Password managers – Every year Cert NZ encourages cyber safe practices through their awareness-raising campaign called Cyber Smart Week. The campaign orbits around four key security awareness messages and using a password manager is on the list as a must to protect yourself online.
There is a very good reason for including the use of a password manager in the campaign. The fact is that passwords aren’t always secure – we are human, so we are inclined to choose passwords that are easy for us to remember and could be easy to guess. We also tend to share and re-use passwords that lead to our personal and employer accounts being compromised.
It’s generally accepted that credential (username and password) compromises are one of the leading contributors of data breaches.
So what exactly is a password manager?
A password manager is a safe… for your passwords. It’s usually built into your web browser (Google Chrome, Edge, Firefox) and can be available on your mobile device to ensure that your passwords are never far away.
When you use a password manager you won’t need to remember dozens of passwords and you can make passwords very long and complex – the password manager will remember and, in most cases, fill in the password fields for you.
How do I access my passwords in a password manager?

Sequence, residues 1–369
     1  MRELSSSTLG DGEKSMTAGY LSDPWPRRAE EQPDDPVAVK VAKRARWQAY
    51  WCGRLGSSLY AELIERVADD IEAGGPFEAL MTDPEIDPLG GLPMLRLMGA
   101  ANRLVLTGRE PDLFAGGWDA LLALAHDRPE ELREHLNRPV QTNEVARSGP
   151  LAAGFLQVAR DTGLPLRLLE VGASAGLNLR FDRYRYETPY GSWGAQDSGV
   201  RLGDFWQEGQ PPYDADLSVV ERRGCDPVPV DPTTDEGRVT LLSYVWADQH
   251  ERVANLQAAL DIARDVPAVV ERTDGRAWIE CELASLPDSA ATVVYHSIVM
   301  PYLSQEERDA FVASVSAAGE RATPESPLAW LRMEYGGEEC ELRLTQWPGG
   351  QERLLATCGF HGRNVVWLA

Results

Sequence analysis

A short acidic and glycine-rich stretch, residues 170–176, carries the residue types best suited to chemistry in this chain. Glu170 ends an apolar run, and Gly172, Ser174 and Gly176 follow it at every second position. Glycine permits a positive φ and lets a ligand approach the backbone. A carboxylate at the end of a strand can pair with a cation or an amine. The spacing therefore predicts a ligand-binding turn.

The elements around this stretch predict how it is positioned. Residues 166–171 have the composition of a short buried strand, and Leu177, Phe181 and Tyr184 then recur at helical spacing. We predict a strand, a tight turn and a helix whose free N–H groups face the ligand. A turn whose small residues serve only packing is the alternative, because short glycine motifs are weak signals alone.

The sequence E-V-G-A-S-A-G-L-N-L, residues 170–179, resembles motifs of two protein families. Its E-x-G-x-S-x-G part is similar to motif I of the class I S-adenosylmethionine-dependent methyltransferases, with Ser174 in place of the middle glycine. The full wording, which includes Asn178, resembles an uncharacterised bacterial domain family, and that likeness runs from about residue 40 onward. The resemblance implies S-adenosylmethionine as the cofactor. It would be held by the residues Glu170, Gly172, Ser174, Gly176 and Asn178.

A password manager has one master key that allows you to access all your passwords – that means that you should make this password long and secure, use a password that’s unique and hard to guess.
It’s also encouraged to add an additional step of security to your master password, for example trusting the specific device, computer or Mac you log in with and adding Multifactor Authentication.
What do I need to get started?
The best place to start is to decide on which password manager to use. Many password managers have free and paid options and you can choose one that works best for you. Here are a few examples:
These password managers are usually built into your web browser and have mobile device apps that you can use too. Getting started is as easy as installing the password manager from the web browser’s application extension menu.
Where does a password manager store my passwords?
A common misconception about password managers is that your passwords are stored somewhere in the cloud, easily accessible to the password manager provider. Most password managers encrypt the passwords before sending them to their servers to ensure that they have no knowledge of what your passwords are when they are stored.
When do I change my old passwords once my password manager is installed?
The best answer is RIGHT AWAY! Some password managers, like LastPass and Dashlane can identify weak and duplicate passwords you regularly use. This will help you figure out which passwords need to be changed. As you log into your online accounts, your new password manager will prompt you to save your password in your new vault and make those website logins easier to access by pre-populating your credentials the next time you visit.
What can I do to protect my business?
Businesses are targeted through people – using phishing, malware and online scams. Enable your business to become cyber smart and by equipping your staff with practical, ongoing and relevant knowledge, tools and ideas through a robust security awareness programme.